The UK says it has not offered Libyan Foreign Minister Moussa Koussa immunity from prosecution following his unexpected arrival in the country.
Foreign Secretary William Hague said Mr Koussa had resigned and the Gaddafi regime was “crumbling from within”.
British officials are questioning Mr Koussa, a former head of intelligence who was close to Col Gaddafi.
The development comes as Libyan rebels continue to retreat from recently captured towns along the eastern coast.
A column of retreating rebel fighters came under heavy fire between Brega and Ajdabiya on Thursday. The rebels had earlier lost the key oil port of Ras Lanuf and the nearby town of Bin Jawad.
In the west, the rebel-held town of Misrata is still reportedly coming under attack from pro-Gaddafi troops.
Mr Hague said Mr Koussa had flown to the UK of his own free will late on Wednesday.
“His resignation shows that Gaddafi’s regime, which has already seen significant defections to the opposition, is fragmented, under pressure and crumbling from within,” he told reporters.
“Gaddafi must be asking himself who will be the next to abandon him.”
Mr Hague urged others close to Col Gaddafi to “embrace the better future for Libya”.
Since the uprising began in February, a number of senior Libyan officials have joined the opposition to Col Gaddafi.
They include the interior minister, the justice minister and the ambassadors to the US, the UN, France and India.
A Foreign Office spokesperson said on Wednesday: “Moussa Koussa is one of the most senior figures in Gaddafi’s government and his role was to represent the regime internationally – something that he is no longer willing to do.”
Mr Koussa arrived at Farnborough Airport in Hampshire on what is believed to have been a British military plane.
A Libyan spokesman denied that Mr Koussa had defected and said he was on a diplomatic mission.
Helping the rebels?
The BBC’s Nick Springate, who is near the frontline outside Brega, says the rebels’ lead vehicle was destroyed by heavy artillery on Thursday. Other vehicles in the convoy have fled back towards Ajdabiya.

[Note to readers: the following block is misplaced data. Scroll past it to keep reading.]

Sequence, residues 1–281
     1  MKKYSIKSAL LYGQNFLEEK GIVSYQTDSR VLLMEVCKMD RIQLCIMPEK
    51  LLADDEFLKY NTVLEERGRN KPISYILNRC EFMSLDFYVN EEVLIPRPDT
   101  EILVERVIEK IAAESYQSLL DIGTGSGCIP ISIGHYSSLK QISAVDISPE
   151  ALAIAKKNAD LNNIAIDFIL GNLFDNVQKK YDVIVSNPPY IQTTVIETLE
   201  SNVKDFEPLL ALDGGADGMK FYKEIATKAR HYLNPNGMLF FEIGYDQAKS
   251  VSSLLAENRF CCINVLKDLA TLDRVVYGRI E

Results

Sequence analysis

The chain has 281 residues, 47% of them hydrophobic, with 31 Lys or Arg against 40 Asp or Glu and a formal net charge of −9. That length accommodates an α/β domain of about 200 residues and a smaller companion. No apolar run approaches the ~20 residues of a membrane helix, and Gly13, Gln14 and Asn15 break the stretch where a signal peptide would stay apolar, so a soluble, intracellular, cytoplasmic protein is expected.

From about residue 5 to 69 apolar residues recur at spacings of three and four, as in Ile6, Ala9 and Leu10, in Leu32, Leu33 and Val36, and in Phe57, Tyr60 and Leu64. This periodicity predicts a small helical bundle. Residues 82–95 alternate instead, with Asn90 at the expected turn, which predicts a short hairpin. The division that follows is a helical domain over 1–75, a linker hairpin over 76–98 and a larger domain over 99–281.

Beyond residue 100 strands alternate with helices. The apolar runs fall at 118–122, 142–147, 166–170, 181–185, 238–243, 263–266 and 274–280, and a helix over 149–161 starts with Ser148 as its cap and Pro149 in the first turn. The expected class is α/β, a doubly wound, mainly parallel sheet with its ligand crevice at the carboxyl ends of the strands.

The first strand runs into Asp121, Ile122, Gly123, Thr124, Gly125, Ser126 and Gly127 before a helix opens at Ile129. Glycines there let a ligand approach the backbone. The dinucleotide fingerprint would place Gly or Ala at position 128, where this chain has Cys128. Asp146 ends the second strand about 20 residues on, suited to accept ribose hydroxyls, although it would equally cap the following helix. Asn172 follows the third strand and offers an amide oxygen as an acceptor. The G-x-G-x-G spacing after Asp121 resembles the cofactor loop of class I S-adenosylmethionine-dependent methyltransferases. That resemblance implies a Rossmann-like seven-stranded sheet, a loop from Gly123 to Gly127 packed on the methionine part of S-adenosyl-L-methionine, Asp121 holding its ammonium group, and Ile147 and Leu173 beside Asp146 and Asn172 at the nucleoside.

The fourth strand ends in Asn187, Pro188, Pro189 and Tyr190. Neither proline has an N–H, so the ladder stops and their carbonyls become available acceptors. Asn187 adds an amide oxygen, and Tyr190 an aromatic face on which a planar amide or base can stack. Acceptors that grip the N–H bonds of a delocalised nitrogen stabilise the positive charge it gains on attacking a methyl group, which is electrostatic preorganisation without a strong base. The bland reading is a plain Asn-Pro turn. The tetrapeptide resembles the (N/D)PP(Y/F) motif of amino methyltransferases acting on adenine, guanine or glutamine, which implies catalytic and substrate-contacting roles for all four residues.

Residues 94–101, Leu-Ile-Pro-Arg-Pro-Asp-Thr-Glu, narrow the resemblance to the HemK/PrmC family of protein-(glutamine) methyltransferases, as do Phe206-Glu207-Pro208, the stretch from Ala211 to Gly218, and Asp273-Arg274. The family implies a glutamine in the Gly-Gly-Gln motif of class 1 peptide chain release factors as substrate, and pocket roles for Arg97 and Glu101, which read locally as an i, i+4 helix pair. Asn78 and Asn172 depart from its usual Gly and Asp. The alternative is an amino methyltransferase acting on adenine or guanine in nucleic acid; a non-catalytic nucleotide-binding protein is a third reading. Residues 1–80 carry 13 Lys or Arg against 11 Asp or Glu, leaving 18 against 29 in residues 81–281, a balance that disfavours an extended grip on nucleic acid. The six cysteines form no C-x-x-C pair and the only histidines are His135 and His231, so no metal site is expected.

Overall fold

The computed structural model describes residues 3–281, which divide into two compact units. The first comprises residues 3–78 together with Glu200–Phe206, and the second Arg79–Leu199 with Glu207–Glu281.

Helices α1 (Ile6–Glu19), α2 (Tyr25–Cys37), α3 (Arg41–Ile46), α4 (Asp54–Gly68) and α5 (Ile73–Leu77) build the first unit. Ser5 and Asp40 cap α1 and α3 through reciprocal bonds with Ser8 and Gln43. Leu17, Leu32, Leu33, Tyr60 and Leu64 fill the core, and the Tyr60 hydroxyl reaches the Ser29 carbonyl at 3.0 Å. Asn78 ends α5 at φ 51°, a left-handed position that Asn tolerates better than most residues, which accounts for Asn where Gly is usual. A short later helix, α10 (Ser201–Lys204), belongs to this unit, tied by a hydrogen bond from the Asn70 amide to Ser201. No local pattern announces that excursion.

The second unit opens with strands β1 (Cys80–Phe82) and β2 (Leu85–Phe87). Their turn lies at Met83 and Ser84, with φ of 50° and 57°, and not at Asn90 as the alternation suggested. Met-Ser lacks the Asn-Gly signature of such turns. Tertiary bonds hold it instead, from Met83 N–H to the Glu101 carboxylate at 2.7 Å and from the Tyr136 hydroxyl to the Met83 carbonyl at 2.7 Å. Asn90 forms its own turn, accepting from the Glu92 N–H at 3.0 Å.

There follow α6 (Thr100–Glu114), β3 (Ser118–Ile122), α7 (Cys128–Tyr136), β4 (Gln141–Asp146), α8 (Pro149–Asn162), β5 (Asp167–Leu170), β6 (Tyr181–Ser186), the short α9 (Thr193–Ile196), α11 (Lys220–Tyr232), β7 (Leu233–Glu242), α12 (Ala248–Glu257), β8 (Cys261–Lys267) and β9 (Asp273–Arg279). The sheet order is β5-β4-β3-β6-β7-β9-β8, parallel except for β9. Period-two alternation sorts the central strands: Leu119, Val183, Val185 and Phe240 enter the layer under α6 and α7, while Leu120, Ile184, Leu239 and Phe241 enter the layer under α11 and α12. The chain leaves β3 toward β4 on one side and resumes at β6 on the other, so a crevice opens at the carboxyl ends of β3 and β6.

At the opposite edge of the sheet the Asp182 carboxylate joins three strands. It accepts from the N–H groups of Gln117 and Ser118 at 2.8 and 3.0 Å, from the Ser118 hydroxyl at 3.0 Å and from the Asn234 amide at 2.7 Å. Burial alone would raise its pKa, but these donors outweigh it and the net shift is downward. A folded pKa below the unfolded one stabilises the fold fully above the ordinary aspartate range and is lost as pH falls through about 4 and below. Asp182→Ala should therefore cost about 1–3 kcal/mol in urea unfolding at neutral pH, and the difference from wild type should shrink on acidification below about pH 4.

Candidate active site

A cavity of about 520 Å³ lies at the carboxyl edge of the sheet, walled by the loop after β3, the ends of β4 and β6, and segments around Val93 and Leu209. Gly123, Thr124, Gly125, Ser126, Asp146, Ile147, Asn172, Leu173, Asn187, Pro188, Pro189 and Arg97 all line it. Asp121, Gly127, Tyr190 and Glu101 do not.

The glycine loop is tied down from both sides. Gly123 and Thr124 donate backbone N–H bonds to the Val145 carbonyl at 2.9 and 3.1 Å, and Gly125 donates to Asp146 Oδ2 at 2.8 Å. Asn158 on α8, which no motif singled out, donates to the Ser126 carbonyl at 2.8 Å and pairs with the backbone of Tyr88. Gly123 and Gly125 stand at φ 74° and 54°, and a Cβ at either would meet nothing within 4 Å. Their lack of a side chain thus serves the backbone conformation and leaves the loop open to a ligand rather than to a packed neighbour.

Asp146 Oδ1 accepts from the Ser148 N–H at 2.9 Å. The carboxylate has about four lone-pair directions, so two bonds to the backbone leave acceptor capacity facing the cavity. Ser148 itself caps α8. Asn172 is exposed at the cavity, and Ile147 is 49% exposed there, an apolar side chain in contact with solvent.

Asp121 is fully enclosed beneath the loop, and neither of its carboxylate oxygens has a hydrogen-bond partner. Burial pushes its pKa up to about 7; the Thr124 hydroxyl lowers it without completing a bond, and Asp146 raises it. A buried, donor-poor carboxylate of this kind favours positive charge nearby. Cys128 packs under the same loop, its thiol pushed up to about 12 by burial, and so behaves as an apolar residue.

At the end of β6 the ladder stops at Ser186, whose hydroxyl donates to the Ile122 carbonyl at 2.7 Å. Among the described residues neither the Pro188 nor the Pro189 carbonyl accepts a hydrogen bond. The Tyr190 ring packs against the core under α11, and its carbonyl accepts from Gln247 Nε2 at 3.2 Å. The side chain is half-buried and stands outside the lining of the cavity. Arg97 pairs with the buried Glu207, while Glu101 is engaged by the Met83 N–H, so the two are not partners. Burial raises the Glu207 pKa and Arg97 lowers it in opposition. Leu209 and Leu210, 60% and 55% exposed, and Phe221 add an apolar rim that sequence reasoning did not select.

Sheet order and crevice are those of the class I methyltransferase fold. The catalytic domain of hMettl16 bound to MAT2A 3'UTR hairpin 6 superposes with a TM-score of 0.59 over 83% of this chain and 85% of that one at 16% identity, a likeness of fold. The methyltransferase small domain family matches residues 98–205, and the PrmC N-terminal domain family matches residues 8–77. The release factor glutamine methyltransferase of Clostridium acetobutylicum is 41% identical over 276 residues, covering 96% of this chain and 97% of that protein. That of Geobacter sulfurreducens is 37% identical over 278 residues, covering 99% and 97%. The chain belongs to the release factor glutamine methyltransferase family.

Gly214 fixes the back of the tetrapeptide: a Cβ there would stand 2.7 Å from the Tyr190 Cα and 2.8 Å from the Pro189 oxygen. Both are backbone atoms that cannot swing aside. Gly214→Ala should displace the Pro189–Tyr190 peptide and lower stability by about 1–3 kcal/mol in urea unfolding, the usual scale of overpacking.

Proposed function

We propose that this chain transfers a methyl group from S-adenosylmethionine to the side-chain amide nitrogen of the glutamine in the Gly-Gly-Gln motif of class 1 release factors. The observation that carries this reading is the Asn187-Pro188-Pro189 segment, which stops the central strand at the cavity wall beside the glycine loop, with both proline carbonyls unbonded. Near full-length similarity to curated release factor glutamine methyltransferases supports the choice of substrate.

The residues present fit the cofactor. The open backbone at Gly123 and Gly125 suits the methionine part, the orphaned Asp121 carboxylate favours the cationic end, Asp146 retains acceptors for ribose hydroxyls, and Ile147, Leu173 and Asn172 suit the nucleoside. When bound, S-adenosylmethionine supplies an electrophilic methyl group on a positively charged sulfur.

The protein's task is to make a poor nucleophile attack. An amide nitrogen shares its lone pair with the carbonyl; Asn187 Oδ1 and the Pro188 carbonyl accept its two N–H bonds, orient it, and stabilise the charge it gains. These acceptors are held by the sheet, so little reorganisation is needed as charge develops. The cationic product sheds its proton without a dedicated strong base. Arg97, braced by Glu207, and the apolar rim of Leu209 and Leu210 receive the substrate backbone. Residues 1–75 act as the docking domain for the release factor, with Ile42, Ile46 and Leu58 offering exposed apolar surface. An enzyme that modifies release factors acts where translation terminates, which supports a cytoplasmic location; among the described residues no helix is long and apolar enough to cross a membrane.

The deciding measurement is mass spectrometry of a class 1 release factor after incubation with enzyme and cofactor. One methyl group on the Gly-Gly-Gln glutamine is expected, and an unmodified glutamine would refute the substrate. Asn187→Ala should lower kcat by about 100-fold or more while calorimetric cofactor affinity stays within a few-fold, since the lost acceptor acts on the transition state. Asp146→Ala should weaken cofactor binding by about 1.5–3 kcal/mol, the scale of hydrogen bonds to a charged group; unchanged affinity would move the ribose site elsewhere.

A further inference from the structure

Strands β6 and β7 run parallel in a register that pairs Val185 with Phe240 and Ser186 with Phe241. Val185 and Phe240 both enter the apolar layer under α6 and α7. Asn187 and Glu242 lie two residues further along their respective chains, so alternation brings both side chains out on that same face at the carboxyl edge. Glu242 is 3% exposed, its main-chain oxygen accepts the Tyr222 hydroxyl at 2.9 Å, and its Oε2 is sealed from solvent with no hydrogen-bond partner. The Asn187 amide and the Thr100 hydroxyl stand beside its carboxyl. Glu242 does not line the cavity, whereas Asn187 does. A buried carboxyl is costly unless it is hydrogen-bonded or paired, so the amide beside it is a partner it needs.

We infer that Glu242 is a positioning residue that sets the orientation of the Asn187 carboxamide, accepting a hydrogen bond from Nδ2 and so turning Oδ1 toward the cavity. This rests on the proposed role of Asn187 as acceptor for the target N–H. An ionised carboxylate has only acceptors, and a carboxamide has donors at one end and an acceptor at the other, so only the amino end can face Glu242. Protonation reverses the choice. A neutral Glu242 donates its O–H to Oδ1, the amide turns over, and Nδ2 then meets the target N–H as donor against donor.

Our correspondent says the lack of military leadership and hardware is stopping this determined force of unprofessional soldiers moving forward and actually taking on the pro-Gaddafi forces.
Maj Gen Suleiman Mahmoud, the second-in-command for the rebels, told the BBC that rebel forces needed time, patience and help to organise themselves.
“Our problem [is] we need help – communication, radios, we need weapons,” he said, adding that the rebels had a strategy but fighters did not always obey orders.
Meanwhile, US media reports say President Barack Obama has authorised covert support for the Libyan rebels.
The CIA and White House have both declined to comment on the reports.
The US and the UK have suggested the UN resolution authorising international action in Libya could also permit the supply of weapons.
However France – which helped push through the UN resolution authorising “all necessary measures” to protect civilians from Col Gaddafi’s forces – says it is not planning to arm the rebels.
On Thursday French Defence Minister Gerard Longuet said such assistance was “not compatible” with the resolution.
Nato took sole command of international air operations over Libya on Thursday. It said it had the means to enforce the UN resolution.
The alliance also said it was investigating reports of civilian casualties in Western air strikes on Tripoli.
Earlier, the top Vatican official in the Libyan capital, citing witnesses, said 40 civilians had been killed in strikes by Western forces on the city.
Several thousand people have been killed and thousands wounded since the uprising against Col Gaddafi’s rule began more than six weeks ago.
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